Little Current vigil recognizes 25th anniversary of the Montreal Massacre

Candles lit for 14 women lost as well as local victims of violence

LITTLE CURRENT—An emotional vigil was held last Saturday, December 6 in Little current at the Holy Trinity Anglican Church hall recognizing the National Day of Remembrance and Action on Violence Against Women and marking the 25th anniversary of the Montreal Massacre where 14 women were murdered at the L’Ecole Polytechnique in 1989.

“Thank you for coming today to take pause and remember the 14 women who lost their life simply because they were women,” said Brenda Clark of Manitoulin Family Resources (MFR) before introducing Leslie Neshkiwe who performed ‘Stand By Me.’ “We have lit 14 unnamed candles in their memory, as requested by the women’s families.”

Following Ms. Neshkiwe’s performance, Ms. Clark listed staggering statistics of women in Canada such as on any given day, 8,200 women and their children are living in emergency shelters and transition houses to escape violence, 400,000 women report sexual assault annually and 90 percent of sexual assaults go unreported.

“December is a busy time of year, I am glad to see so many people here today,” said MFR Executive Director Marnie Hall Brown. “Twenty-five years sounds like a long time, but it is a blink of an eye. I was finishing high school in 1989 and I remember watching the news that night (December 6) and not understanding the chaos.”

Ms. Brown led the group in lighting candles for women who had been killed in the Manitoulin and North Shore area due to violence against women. A number of individuals who attended the vigil were given names when they first arrived. As Ms. Brown read the names, individuals from the crowd stood up and lit a candle in their memory. A moment of silence followed.

“That is a lot of candles for a small community,” began the vigil’s guest speaker Julie Lalonde, an award-winning social justice advocate based in Ottawa and project manager of, a provincial anti-sexual violence campaign that targets bystanders, who is originally from Kagawong. “Today is a day of remembrance and action, but we often forget about the action part.”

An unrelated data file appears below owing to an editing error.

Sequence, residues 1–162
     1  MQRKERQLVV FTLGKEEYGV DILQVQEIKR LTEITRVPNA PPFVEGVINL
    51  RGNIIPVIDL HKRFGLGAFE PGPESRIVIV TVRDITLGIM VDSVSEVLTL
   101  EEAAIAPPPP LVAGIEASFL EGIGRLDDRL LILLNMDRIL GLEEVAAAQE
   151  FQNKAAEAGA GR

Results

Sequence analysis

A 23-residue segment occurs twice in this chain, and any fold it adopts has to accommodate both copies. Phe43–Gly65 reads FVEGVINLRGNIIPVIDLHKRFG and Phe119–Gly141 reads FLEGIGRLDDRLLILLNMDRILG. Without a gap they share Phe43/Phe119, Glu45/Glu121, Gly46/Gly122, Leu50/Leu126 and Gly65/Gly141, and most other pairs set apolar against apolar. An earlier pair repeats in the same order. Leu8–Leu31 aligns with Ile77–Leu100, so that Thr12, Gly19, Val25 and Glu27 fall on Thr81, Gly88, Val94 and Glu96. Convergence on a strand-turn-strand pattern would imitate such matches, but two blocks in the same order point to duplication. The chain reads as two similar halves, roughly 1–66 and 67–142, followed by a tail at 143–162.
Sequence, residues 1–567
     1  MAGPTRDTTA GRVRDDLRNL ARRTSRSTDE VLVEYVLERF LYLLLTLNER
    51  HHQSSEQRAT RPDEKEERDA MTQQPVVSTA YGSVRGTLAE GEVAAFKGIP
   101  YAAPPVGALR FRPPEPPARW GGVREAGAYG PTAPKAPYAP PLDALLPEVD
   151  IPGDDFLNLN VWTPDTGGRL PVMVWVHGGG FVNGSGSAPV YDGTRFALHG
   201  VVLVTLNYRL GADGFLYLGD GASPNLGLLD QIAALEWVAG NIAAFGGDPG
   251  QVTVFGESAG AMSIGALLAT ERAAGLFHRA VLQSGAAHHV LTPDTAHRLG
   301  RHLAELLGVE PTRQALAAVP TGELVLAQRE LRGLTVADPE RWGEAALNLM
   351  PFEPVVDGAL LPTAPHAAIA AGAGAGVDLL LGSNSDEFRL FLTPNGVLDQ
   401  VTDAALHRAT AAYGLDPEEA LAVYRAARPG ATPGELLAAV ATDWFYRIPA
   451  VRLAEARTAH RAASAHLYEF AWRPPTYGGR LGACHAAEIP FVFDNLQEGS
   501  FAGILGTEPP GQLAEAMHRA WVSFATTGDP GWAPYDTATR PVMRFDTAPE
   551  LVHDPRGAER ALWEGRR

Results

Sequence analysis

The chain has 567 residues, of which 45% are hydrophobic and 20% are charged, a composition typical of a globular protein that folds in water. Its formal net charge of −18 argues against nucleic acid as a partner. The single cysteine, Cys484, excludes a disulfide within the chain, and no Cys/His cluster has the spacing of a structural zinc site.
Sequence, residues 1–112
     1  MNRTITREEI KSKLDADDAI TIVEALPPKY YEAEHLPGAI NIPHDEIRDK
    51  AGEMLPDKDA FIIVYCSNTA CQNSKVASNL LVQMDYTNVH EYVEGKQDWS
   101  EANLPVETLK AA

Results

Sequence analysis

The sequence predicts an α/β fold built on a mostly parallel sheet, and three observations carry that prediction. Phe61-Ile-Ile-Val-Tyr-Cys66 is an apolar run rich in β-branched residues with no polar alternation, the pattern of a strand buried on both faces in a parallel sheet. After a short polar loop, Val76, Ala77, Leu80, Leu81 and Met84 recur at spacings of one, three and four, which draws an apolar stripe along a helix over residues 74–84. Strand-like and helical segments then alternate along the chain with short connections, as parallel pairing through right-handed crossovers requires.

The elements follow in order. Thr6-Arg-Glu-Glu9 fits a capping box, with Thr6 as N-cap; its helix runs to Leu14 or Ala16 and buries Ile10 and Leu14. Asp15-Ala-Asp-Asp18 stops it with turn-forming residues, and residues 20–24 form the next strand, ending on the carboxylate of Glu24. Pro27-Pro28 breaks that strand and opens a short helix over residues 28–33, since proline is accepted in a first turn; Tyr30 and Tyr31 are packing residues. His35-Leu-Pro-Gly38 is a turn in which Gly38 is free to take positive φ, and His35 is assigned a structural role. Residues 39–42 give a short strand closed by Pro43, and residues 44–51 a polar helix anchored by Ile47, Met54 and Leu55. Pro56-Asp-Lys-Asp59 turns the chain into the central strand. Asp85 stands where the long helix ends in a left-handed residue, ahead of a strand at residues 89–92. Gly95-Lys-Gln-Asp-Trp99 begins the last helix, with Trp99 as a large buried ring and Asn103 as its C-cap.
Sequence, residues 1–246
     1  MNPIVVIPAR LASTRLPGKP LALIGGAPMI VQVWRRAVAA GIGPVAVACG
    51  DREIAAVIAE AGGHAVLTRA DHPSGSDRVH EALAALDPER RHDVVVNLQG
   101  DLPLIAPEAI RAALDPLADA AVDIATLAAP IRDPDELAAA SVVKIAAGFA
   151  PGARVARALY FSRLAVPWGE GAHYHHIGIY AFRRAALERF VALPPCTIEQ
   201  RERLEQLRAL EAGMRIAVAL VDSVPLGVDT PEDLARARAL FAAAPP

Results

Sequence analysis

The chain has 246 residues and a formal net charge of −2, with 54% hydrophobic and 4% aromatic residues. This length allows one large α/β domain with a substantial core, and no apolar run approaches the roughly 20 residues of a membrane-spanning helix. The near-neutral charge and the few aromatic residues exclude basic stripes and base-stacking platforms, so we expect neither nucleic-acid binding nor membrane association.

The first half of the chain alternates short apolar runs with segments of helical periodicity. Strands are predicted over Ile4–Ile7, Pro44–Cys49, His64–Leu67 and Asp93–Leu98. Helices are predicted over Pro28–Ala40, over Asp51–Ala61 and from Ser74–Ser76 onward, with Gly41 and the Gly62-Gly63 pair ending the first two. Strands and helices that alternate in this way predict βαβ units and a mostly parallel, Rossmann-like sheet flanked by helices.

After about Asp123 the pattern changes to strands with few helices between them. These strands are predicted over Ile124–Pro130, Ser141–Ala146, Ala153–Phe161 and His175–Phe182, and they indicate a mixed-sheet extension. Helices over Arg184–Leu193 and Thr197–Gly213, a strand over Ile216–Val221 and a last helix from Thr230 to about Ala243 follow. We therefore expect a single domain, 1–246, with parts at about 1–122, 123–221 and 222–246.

Ms. Lalonde spoke of Ottawa Centre MP Paul Dewar’s recent speech in the House of Commons recognizing December 6 and the National Day of Remembrance and Action on Violence Against Women and how, even today, Mr. Dewar didn’t state that Marc Lepine’s actions were directed at women.

“Mr. Dewar said ‘we don’t know what motivated Marc Lepine,’ but we do know, he wrote it down, he yelled it at people, his violent actions were specifically directed at women,” said Ms. Lalonde. “It is appalling that even today people can’t say what happened, 25 years later.”

Ms. Lalonde said that according to the Femicide list for 2014, 29 women and girls died in Ontario from November 2013 to November 2014 as a result of gender-based violence.

“That is one year, one province, and Ontario doesn’t even have the highest rate in Ontario,” Ms. Lalonde said.

Ms. Lalonde also spoke of a fellow women’s advocate, Anita Sarkeesian, who has a video blog ‘Feminist Frequency’ and who has been the target of an online harassment campaign following her launch of a Kickstarter project to raise funds for a documentary about sexism in video games.

“Anita was scheduled to speak at the University of Utah, but someone threated to recreate the Montreal Massacre if she did,” said Ms. Lalonde, explaining that since Utah is an open firearm state and she had to cancel her appearance for both her and the audience’s safety.

She also spoke of Elliot Rodger and the Isla Vista murders near the University of California.

“If you connect the dots between all of these stories, the motivation is a hatred of women,” said Ms. Lalonde. “They all have the ripple effect of violence against women.”

Ms. Lalonde also recognized how the recent media attention involving Jian Ghomeshi has “started an international conversation” about violence against women.

Ms. Lalonde said that as pleased as she was at the progress made in the last year about bringing the issue into the spotlight, she hopes that momentum will continue, eventually reaching a place where “everyone knows about December 6, but can’t wrap their heads about why women were shot for simply being women.”

Ms. Brown concluded the vigil, thanking Ms. Lalonde and repeating her hope for change moving forward.